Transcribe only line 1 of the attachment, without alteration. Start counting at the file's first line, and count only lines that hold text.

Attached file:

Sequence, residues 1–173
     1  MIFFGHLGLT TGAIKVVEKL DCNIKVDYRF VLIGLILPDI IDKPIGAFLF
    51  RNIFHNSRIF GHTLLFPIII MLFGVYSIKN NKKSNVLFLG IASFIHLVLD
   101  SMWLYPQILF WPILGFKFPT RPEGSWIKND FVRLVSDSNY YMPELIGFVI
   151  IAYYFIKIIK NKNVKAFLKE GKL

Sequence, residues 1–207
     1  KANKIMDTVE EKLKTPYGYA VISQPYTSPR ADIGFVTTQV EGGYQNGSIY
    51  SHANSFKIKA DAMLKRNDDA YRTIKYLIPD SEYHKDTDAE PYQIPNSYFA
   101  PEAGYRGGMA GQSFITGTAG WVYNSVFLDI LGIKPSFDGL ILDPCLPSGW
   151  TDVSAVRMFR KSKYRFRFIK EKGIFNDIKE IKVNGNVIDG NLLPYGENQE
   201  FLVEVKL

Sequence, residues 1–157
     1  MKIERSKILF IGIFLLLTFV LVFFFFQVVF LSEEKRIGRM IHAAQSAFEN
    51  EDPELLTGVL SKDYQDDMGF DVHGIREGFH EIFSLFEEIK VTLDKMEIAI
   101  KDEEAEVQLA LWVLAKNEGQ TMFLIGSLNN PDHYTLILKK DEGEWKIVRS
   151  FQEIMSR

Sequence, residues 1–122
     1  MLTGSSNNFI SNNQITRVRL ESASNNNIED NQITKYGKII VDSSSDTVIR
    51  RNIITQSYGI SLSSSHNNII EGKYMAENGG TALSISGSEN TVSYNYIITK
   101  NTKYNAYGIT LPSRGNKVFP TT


Sequence, residues 1–173